On the 20th anniversary of the terrorist attacks of 9/11, many American publishing houses issued lists of the books they published about the attacks, and about issues that related to the attacks.
Some sources said that the total number of the books approached a thousand.
Wikipedia divided the books into fiction and non-fiction, then subdivided the fiction into novels, graphic novels, short novels and children’s novels. It subdivided the non-fiction into memoirs, first-hand accounts, historical, religious, economic, military, social, and scientific and comics. It also listed books about the books and the literature that related to 9/11.
These are short quotations from ten of the most popular non-fiction works:
1.“Ghost Wars,” Steve Coll (2004):
“It is for now far easier for a researcher to explain how and why September 11 happened than it is to explain the aftermath …Clinton regarded bin Laden as an isolated fanatic, flailing dangerously but quixotically against the forces of global progress … The Bush team was fixated on great-power politics, missile defense and China.”
2. “The Looming Tower: Al-Qaeda and the Road to 9/11,” Lawrence Wright (2006): IGNORANCE:
“The most frightening aspect of this new threat … was the fact that almost no one took it seriously. It was too bizarre, too primitive and. exotic … The most elemental question that we were all asking after 9/11. The level of our cultural ignorance is hard to overstate, even my own. Even though I had spent time in the Middle East and had written this movie, I still was left with many riddles that I needed to unscramble.”
3. “Against All Enemies,” Richard Clarke (2004):
“America, alas, seems only to respond well to disasters, to be undistracted by warnings … Our country seems unable to do all that must be done until there has been some awful calamity … (On Iraq Invasion): Bush handed that enemy precisely what it wanted and needed, proof that America was at war with Islam, that we were the new Crusaders come to occupy Muslim land.”
4. “102 Minutes,” Jim Dwyer and Kevin Flynn (2011):
“The ferocity of the attacks meant that innocent people lived or died because they stepped back from a doorway, or hopped onto a closing elevator, or simply shifted their weight from one foot to another … It is likely that a very different world trade center would have been built. (But this one) increased the floor space available for rent by cutting back on the areas that had been devoted, under the earlier law, to evacuation and exit.”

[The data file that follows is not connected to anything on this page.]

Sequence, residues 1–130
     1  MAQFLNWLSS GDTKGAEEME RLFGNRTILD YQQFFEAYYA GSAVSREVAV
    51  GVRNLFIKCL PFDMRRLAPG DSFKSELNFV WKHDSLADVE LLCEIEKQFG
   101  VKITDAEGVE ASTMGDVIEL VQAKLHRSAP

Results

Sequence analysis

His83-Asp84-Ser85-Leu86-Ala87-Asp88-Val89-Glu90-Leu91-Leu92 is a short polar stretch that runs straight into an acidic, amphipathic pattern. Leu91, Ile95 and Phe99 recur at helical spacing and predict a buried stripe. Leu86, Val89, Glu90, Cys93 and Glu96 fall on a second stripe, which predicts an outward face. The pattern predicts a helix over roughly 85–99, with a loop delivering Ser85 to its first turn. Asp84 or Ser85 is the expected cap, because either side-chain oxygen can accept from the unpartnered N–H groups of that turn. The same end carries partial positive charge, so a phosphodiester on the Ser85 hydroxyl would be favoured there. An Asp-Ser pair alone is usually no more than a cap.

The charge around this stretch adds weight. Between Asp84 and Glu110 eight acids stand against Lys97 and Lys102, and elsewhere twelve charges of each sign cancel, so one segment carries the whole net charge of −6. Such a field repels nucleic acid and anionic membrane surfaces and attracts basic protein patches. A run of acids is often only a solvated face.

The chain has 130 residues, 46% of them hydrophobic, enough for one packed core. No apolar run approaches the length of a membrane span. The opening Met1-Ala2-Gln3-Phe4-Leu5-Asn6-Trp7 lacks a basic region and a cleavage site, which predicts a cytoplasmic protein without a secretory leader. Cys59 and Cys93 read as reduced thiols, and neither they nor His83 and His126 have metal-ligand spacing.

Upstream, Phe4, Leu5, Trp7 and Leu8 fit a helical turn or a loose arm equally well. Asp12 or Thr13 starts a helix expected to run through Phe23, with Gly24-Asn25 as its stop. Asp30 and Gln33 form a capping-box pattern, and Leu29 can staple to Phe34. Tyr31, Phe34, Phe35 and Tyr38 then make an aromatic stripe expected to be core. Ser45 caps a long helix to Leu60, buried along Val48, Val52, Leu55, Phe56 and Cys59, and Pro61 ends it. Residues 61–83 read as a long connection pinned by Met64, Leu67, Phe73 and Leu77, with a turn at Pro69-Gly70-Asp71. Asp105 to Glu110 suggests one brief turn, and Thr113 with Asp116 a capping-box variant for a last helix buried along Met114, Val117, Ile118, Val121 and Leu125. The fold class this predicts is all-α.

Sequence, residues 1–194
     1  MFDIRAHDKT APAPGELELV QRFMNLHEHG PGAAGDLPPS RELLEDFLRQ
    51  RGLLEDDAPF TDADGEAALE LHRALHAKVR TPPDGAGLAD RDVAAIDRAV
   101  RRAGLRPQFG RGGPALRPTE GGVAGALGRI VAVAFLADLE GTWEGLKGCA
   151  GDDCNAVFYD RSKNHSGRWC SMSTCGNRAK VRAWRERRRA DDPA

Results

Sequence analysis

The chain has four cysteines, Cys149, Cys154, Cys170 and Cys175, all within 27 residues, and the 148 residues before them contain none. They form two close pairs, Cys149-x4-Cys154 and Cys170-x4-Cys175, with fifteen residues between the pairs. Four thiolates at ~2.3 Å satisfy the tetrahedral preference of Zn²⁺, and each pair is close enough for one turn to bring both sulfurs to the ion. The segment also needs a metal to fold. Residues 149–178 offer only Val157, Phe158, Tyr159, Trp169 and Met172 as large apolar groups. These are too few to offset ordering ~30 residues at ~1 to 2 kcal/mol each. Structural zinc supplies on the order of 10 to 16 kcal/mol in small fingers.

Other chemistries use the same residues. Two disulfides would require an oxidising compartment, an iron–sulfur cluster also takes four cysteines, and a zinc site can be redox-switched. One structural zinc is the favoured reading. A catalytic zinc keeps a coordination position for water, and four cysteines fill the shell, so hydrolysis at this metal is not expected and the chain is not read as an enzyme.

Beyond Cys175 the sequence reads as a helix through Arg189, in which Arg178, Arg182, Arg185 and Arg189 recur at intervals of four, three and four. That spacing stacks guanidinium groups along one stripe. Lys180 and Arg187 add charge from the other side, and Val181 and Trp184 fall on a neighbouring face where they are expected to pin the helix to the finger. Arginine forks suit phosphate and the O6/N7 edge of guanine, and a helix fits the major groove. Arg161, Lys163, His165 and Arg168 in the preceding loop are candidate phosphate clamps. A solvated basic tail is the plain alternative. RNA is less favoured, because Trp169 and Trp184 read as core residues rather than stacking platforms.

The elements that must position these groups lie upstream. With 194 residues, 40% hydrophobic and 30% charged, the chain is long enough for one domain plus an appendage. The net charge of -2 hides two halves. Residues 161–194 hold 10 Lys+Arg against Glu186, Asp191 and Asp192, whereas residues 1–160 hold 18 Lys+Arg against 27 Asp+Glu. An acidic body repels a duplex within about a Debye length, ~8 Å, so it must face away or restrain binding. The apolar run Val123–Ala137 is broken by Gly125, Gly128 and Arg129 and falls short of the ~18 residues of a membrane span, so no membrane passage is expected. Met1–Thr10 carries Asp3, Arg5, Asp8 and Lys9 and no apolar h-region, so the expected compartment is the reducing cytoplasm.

5. “Bush at War,” Bob Woodward (2002):
“CIA Counterterrorism Center Director Cofer Black and Deputy Secretary of State Richard Armitage traveled to Moscow shortly after 9/11 to give officials a heads up about the coming hostilities in Afghanistan. The Russians, recent visitors to the graveyard of empires, cautioned that Afghanistan was an ‘ambush heaven’, and that, in the words of one of them, ‘you’re really going to get the hell kicked out of you.’ Cofer responded confidently: ‘We’re going to kill them. . . We’re going to rock their world.’”
6. “The Dark Side,” Jane Mayer (2008):
“Beginning almost immediately after September 11, 2001, Vice President Cheney saw to it that some of the sharpest and best-trained lawyers in the country, working in secret in the White House and the United States Department of Justice, came up with legal justifications for a vast expansion of the government’s power in waging war on terror.”
7. “The Torture Memos: Rationalizing the Unthinkable,” David Cole (2009):
“CIA agents and contractors, in addition to using ’authorized’ and previously reported tactics as waterboarding, wall-slamming, forced nudity, stress positions, and extended sleep deprivation … (also) threatening suspects with a revolver and a power drill; repeatedly applying pressure to a detainee’s carotid artery until he began to pass out; staging a mock execution; (and) threatening to sexually abuse a suspect’s mother.”
8. “To Start a War: How the Bush Administration Took America Into Iraq,” Robert Draper (2020):
“Bush needed little convincing: he had ordered up Iraq war plans only two months after the Sept. 11 attacks. The rush to war was driven by fear, not hard intelligence, and by imagination, not facts … Bush warned, in October 2002, that ‘we cannot wait for the final proof — the smoking gun — that could come in the form of a mushroom cloud.’”
9. “Reign of Terror,” Spencer Ackerman (2021):
“Trump’s great insight was that the jingoistic politics of the War on Terror did not have to be tied to the War on Terror itself. That enabled him to tell a tale of lost greatness … The backlash against Muslims, against immigrants crossing the southern border and against protesters rallying for racial justice was strengthened by the open-ended nature of the global war on terror … Trump had learned the foremost lesson of 9/11 was that the terrorists were whomever you said they were.”
10. “9/11 Commission Report” (2004):
“The U.S. government must define what the message is, what it stands for. We should offer an example of moral leadership in the world, committed to treating people humanely, abide by the rule of law, and be generous and caring to our neighbors … We need to defend our ideals abroad vigorously. America does stand up for its values … As time passes, more documents become available, and the bare facts of what happened become still clearer. Yet the picture of how those things happened becomes harder to reimagine, as that past world, with its preoccupations and uncertainty, recedes.”